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10 Hidden Gems in the heart of Dublin’s Liberties

  • Needful Things: Books, Collectibles and Antiques 

A treasure trove is really the only way to describe this hidden gem. Opened in mid 2018 by Trinity graduate John Healy, there is something for everyone in here; although you may have to hunt for it. Located on busy Aungier Street, you’ll be in awe once you step inside this secondhand bookshop that also offers a range of antiques including maps and some elegant pieces of furniture. You could find a copy of one of your favourite page turners for a few euro or you could invest in an early edition of one of the classics. 

John McGeever, owner of Needful things. Photo by Megan O’ Brien.
  • Marsh’s Library

There aren’t many buildings left from the 18th century in Dublin that are still used for their original purpose. Marsh’s Library however, is one of these and is busier than every with events and workshops happening every week. Founded by Archbishop Narcissus Marsh, the library houses at St Patrick’s Close right next to St. Patrick’s Cathedral, the library is now a charity that still serves as a public resource for research and education. They have a catalog of hundreds of beautiful books and a reading room where you can browse them free of charge

  •  Groundstate Coffee

A little cafe on the corner of a busy street in the Liberties. It looks relatively plain from the outside but that’s not reflected in the atmosphere once you step through the door. A relaxed, welcoming place, during the day Groundstate Coffee on James’ Street  is a great spot for a weekend brunch or bite to eat in the afternoon. By night, it is a yoga studio offering yoga classes of all styles for all levels of ability. 

  •  Atelier Maser

Irish Artist Maser is known for his bright and bold pieces, the most prolific one probably being the ‘Repeal the 8th’ mural on Georges Street which was painted in the run up to Ireland’s abortion referendum last year. Although the mural was painted over, Maser himself as gone from strength to strength opening his own studio gallery in December 2018 on Charlemont Street. It’s here that the artist expresses himself onto his canvas but it’s also here that young Irish talent is being nurtured and promoted. The space is open plan and multi-functional allowing it to lend itself to many different shows and exhibitions.

  • Bretzel Bakery

The Bretzel Bakery on Lennox Street is a special spot also known as the Jewish Bakery. Established in 1870, they have been “baking in the heart of Dublin for over 100 years”, they are famous for their “challah”, a special braided, Jewish bread, that is still baked with the same recipe as the one they used in the 19th century. 

  • Brown Bag Film

Brown Bag Films are an animation studio in Smithfield in Dublin’s Liberties that create animation for the international market. They have branches in Toronto, Manchester and Bali but Brown Bag was founded in 1944 right here in Dublin. Since then they have won 18 Emmy awards and have been nominated for an Oscar twice! Peter Rabbit, Doc McStuffins and Noddy are just a few of their famous creations. Although the studio is not open to the public, you can see what they do on their showreel and get involved in other ways at their YouTube Channel ‘Brown Bag Films’.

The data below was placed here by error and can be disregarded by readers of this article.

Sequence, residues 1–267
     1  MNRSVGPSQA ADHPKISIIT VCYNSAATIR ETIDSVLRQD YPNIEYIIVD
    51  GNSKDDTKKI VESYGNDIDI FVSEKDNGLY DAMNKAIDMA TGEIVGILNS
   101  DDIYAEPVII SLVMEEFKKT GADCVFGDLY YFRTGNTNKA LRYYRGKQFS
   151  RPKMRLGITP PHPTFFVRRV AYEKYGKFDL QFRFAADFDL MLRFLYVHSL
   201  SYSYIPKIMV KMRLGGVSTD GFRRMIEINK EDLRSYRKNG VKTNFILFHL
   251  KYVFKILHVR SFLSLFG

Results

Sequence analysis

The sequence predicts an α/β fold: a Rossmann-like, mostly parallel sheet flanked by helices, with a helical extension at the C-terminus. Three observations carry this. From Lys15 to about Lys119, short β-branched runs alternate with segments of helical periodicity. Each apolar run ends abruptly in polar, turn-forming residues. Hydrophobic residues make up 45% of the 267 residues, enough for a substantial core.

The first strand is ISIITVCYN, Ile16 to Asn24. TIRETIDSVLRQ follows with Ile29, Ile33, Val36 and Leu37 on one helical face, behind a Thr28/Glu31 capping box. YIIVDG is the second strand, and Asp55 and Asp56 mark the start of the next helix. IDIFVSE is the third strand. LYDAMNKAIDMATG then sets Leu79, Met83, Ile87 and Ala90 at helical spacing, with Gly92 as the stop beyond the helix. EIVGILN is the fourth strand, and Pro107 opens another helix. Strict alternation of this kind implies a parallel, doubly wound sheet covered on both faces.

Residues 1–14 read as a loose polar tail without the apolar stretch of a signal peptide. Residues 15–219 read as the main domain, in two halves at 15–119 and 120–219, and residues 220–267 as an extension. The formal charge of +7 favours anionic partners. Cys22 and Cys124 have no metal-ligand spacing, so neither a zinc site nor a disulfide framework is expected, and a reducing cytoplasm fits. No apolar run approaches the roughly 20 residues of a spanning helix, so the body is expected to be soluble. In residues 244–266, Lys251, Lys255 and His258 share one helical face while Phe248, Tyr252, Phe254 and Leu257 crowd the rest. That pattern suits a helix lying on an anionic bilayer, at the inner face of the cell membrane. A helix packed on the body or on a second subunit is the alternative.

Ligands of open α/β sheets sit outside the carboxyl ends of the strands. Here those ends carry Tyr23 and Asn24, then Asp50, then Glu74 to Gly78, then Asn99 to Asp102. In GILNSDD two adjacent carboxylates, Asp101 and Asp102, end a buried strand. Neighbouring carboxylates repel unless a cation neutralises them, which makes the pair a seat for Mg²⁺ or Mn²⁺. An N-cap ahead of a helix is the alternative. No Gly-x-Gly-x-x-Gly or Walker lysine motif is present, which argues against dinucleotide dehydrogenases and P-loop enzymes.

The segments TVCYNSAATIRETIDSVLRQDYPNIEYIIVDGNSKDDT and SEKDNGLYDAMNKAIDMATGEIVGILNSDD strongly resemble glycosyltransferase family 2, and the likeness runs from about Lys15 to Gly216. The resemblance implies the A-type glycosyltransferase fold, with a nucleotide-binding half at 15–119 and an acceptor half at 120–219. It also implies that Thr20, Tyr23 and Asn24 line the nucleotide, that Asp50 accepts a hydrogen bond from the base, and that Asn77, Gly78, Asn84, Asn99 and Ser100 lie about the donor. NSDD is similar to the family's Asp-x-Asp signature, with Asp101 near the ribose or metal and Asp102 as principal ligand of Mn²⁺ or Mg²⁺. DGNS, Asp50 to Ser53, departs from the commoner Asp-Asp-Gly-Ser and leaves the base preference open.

• The Kevin Kavanagh Gallery 

The Kevin Kavanagh Gallery on Chancery Lane is a great place to visit to see a variety of amazing, thought-provoking works. The Gallery plays host to new exhibitions nearly every month and variation is the name of the game here. They carry shows from single artists as well as groups, paintings, portraits, mixed material pieces, photography and some sculpture too. 

  • The Garda Museum 

On the periphery of the Liberties but still just a 10-minute walk from Thomas Street, the Garda Museum and Archives located at Dublin Castle is unknown to many Dubliners. Open from 10am-2pm Monday to Friday, the exhibition gives visitors an understanding of the interesting history of An Garda Siochana. It also offers information on policing in Ireland prior to 1922 when the law was enforced by the Royal Irish Constabulary who’s policing was so effective it influenced many other police systems around the world.

  • The Revenue Museum

Also housed in Dublin Castle, the Revenue Museum may sound boring at first but you might surprise yourself if you venture down into the crypt of the Chapel Royal and take a look at the wide range of exhibits. The Revenue Commission has a huge amount of different responsibilities which you’ll gain an insight into through colourful audio-visual displays, interactive video games and fun challenges. Among the exhibits are artefacts such as a stamp duty machine, the first set of exchequer returns for the Irish Free State, a poitin stil, counterfeit goods and endangered species seized at Irish ports and airports and early computer technology.

 Copper House Gallery

The Copper House Gallery, hidden away near Heytesbury Street, is a place that does more than just display works of art. While they do host exhibits of every type from collage to watercolour painting to landscape photography and socio-political displays they have a lot of other things happening too. The Copper House is the longest established fine art printing studio in Ireland, every wonder where original artworks and artefacts get digitised, preserved and archived? This is where. They have rare devices such as ‘Cruse Scanners’ which are owned by institutions like the Guggenheim in New York and the Vatican Secret Archives.

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